Japanese Defense Minister Toshimi Kitazawa today said his government expects this year to make a decision on the export to third-party states of antimissile technology developed by his nation and the United States, Kyodo News reported (see GSN, Jan. 10).
A U.S.-Japanese agreement says Tokyo must give prior permission to the sale to other nations of the Standard Missile 3 Block 2A interceptor. The Obama administration wants to deploy the SM-3 system around Europe as part of a planned NATO missile shield.
"I told [visiting U.S. Defense Secretary Robert] Gates that we would make a decision within this year," Kitazawa said.
Gates said Tokyo would have to take some steps to permit such weapon sales. "It makes economic sense to make it available to others," the Defense Department chief said.
"We will be working toward that end with the Japanese government ... but I think it's fair to say that the minister acknowledges the economic benefit of being able to make it available," Gates said.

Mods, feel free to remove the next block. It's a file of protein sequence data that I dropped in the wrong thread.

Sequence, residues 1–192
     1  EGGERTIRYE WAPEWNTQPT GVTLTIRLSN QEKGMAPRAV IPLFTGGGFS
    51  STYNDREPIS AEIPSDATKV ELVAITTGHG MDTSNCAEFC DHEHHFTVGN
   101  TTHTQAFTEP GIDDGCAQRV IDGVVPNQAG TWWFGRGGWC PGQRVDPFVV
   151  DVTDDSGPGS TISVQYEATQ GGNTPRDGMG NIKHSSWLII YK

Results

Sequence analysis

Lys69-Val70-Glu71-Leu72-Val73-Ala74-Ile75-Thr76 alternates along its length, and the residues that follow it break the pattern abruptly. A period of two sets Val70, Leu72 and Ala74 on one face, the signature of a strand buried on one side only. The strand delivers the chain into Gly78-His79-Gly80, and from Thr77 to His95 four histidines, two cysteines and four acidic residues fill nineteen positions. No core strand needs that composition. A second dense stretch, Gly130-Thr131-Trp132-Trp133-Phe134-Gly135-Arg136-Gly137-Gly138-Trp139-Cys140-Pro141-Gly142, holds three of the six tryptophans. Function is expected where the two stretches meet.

Japan for decades has maintained a self-imposed prohibition on weapons sales to outside countries, with the exception of arms jointly developed with the United States. Previous reports indicated that should Tokyo amend that ban, it would continue to bar weaponry sales to communist nations, countries under U.N. arms embargoes and other states dealing with international conflict (Kyodo News/Mainichi Daily News, Jan. 13).